The research team rated each participant based on how well they followed each of Life's Simple 7 at the start of the study. A person received scores between zero and 2 points for each recommendation, depending on how closely they followed it, with a maximum heart healthy score of 14.

Researchers then compared those scores against the brain scans performed in middle age, to see whether living healthy as a young adult mattered years later.

As it turned out, each 1-point improvement in a young person's heart-healthy lifestyle score was "essentially the same as one year less in brain aging," Bancks said. "As the score increases, you see a better result for brain structure."

However, not all the heart association's recommendations carried the same weight. Smoking had a stronger association with smaller brain volume than the other lifestyle factors, the researchers found.

The brain is highly dependent on a healthy heart and circulatory system to work right, so it makes sense that heart-healthy living would result in a healthier brain, Bancks said.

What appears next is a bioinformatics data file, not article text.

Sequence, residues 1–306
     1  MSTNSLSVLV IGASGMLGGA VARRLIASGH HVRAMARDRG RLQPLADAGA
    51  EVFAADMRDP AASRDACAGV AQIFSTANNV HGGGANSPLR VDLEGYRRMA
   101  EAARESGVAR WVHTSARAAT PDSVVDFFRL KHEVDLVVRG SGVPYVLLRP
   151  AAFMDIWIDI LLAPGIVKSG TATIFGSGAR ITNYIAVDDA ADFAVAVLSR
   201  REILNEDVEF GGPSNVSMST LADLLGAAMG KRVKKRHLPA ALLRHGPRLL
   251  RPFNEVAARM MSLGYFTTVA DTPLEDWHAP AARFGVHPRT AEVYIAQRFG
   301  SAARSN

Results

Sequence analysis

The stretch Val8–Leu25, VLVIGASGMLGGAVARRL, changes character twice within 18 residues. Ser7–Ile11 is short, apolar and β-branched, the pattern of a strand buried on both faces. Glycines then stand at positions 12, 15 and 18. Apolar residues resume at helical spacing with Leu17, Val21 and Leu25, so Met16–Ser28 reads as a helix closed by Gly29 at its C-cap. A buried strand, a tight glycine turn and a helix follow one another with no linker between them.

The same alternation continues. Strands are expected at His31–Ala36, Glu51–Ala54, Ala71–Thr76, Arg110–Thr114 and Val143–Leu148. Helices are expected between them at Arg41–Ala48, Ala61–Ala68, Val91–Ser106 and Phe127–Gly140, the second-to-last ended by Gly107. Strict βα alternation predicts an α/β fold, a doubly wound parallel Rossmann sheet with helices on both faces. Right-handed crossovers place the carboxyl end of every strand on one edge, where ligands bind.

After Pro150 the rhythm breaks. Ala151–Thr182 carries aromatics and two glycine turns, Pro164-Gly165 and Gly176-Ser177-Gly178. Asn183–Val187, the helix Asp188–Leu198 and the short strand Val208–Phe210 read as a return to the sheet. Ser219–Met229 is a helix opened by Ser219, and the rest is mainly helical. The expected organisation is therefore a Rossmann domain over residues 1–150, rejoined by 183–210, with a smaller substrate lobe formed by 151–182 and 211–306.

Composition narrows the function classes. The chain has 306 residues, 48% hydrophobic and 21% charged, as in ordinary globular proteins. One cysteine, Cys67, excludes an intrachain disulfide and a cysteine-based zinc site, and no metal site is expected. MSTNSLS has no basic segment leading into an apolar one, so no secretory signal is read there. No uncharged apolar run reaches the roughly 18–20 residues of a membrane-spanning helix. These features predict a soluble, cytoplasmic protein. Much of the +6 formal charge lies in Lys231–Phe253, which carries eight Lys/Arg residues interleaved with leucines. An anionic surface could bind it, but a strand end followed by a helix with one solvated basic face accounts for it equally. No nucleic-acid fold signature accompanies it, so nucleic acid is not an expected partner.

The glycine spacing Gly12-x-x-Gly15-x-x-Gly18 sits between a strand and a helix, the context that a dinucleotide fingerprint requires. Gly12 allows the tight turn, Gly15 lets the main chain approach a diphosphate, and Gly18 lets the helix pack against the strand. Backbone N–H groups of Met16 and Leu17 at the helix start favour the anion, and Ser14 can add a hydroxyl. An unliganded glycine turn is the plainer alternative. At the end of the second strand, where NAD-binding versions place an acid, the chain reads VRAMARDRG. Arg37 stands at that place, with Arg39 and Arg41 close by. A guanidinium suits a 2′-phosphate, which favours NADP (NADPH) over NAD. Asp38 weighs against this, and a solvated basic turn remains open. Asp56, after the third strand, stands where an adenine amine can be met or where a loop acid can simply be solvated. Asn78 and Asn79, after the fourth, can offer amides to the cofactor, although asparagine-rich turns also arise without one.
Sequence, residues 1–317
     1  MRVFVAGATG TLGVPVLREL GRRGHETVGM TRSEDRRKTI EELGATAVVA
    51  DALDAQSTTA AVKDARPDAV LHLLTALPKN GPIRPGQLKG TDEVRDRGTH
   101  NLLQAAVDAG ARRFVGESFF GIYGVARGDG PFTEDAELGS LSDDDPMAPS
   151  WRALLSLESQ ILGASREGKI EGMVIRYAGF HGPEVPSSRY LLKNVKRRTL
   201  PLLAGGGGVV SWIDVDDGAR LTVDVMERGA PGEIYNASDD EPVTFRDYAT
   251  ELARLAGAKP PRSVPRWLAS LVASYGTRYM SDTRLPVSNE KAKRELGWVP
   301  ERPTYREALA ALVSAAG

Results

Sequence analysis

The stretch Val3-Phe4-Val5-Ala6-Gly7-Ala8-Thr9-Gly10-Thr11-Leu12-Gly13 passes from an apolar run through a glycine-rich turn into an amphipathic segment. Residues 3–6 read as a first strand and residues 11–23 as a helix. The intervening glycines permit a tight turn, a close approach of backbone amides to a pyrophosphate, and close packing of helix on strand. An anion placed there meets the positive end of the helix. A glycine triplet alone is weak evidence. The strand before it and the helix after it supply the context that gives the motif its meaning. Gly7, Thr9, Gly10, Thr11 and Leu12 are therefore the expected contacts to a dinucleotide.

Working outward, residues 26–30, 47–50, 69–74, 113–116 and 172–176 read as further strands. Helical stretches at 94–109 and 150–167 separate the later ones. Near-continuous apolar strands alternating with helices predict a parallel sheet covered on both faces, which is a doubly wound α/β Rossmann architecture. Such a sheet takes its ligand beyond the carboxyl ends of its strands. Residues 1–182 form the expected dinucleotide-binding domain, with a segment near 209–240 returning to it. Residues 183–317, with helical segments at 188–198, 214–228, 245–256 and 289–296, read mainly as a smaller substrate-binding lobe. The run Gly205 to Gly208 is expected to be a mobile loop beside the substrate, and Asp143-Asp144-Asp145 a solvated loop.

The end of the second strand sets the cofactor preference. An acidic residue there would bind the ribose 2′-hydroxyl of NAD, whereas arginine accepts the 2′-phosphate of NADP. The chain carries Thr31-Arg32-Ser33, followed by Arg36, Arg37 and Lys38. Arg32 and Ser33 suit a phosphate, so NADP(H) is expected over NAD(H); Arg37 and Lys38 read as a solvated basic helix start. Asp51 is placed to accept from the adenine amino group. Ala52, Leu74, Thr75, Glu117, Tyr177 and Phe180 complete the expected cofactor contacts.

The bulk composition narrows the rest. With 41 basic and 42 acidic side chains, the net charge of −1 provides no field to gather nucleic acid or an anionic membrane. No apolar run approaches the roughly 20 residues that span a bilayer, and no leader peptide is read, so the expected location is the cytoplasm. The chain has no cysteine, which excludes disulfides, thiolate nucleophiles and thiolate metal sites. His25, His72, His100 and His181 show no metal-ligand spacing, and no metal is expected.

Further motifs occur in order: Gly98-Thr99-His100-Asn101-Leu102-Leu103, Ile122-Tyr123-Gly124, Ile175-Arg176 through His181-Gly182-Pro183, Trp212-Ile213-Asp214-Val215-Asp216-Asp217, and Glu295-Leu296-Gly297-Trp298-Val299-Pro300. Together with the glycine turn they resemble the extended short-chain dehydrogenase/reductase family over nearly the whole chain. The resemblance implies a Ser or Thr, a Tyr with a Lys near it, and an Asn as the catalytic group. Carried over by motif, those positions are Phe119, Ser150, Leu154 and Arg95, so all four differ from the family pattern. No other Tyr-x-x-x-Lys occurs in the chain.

"The brain is supplied by this rich network of blood vessels, which provides the oxygen- and nutrient-rich blood it needs to function normally," Bancks said. "A healthy heart helps ensure enough blood is pumped through these blood vessels, and healthy blood vessels help ensure that network is intact to supply the entire brain with nutrients and oxygen."

This doesn't mean that you should give up if you haven't paid attention to your heart health until your 40s, Baltan added.

"This isn't putting us in a hopeless situation," Baltan said. "It's another alert that we can start at an even earlier age to maintain our brain health."

The new study appears July 19 in Neurology.

More information

For more on Life's Simple 7, visit the American Heart Association.